As a result of the failure to notify of a third party claim, the employer-carrier loses a voice in the litigation and is clearly prejudiced.  Stroy, 235 S.C. 52, 109 S.E.2d at 709.[1] That voice encompasses the right to select one’s own counsel, conduct one’s own investigation, and direct the litigation.  See id.  Notice makes it possible for the employer-carrier to offer the employee meaningful assistance in prosecuting the third party claim.  Hudson, 296 S.C. at 22, 370 S.E.2d at 107.  With timely knowledge the employer-carrier gains the opportunity to lend support to an effort that could lead to the carrier’s recovery of some or all of the compensation it might later be required to pay the injured employee under the Workers’ Compensation Act. Id.; see S.C. Code Ann. § 42-1-560 (c).  The statute’s underlying purpose serves to protect the carrier’s subrogation interests and prevents an employee’s double recovery.   

Hypothetically, if prejudice to the employer-carrier were required as an additional element to find the claimant elected his remedy, we identify prejudice to Murata in the instant case.

The single commissioner’s findings comport with our determination:

[T]he claimant’s settling of this claim was prejudicial to the carrier since it [Murata] was not able to participate in the litigation or affect the full and final release executed by the claimant.  The carrier had no opportunity to investigate whether there was [sic] other assets or other coverage available to the claimant from the third party.

Kimmer avers his settlement for the liability policy limit is distinguishable from the “compromise” settlement in Fisher because the at-fault party had no additional assets for Murata to pursue.  Though Kimmer’s counsel determined the coverage under one liability policy and consulted Chester county records to discover any undisclosed assets, his investigation was by no means exhaustive.  In South Carolina, statutory provisions allow for the initiation and institution of supplementary proceedings.  Section 15-39-310 of the South Carolina Code (1976) provides:

[T]he judgment creditor . . . is entitled to an order from a judge of the circuit court requiring such judgment debtor to appear and answer concerning his property before such judge at a time and place specified in the order within the county to which the execution was issued. 

At the hearing in regard to a supplementary proceeding, a prospective debtor is required to answer under oath all queries as to real and personal property, including, but not limited to, policies of insurance, cash, jewelry, household furniture, and the entire spectrum and gamut of legal ownership possibilities.  Additionally, a judgment obtained against a motorist that is unpaid subjects the motorist to driver’s license suspension pursuant to section 56-9-430 of the South Carolina Code (1976).  Murata’s right to avail itself of the full range of investigatory opportunities was foreclosed by the absence of notice of the third party claim.  Furthermore, as part of the third party settlement, Kimmer released the at-fault driver from all liability, extinguishing any recourse Murata may have had in pursuing third party assets.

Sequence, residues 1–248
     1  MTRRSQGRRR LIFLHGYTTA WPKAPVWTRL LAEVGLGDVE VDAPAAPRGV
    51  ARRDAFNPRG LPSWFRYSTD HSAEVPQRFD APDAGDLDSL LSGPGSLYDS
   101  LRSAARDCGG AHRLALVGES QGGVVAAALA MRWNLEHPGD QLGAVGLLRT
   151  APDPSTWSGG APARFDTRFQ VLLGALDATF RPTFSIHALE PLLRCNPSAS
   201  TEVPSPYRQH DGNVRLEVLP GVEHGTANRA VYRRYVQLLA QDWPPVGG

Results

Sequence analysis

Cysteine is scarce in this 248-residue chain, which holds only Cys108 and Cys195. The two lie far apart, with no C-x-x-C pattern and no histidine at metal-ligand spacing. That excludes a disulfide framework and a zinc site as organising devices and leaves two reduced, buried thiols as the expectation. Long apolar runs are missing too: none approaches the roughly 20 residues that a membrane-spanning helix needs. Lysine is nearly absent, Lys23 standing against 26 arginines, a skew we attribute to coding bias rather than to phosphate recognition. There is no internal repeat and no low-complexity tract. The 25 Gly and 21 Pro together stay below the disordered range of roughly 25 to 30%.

CONCLUSION

We rule that the settlement of a third party claim without notice to the employer and carrier bars a workers’ compensation action.  We hold that prejudice is NOT an element to be considered in regard to the failure to give the mandated statutory notice.  Assumptively concluding that prejudice is a factor in the analysis, we conclude that there was actual prejudice in the case sub judice in regard to the employer and carrier.

Accordingly, the decision of the circuit court is reversed and the order of the Appellate Panel reinstated.[2] 

REVERSED.

HUFF and WILLIAMS, JJ., concur.


[1] Though this case was decided under the former statute, its discussion on what constitutes prejudice is instructive. 

[2] Because we reverse on the previous issue, we need not reach the additional issues.  See Futch v. McAllister Towing of Georgetown, Inc., 335 S.C. 598, 613, 518 S.E.2d 591, 598 (1999) (“[A]n appellate court need not address remaining issues when disposition of prior issue is dispositive.”).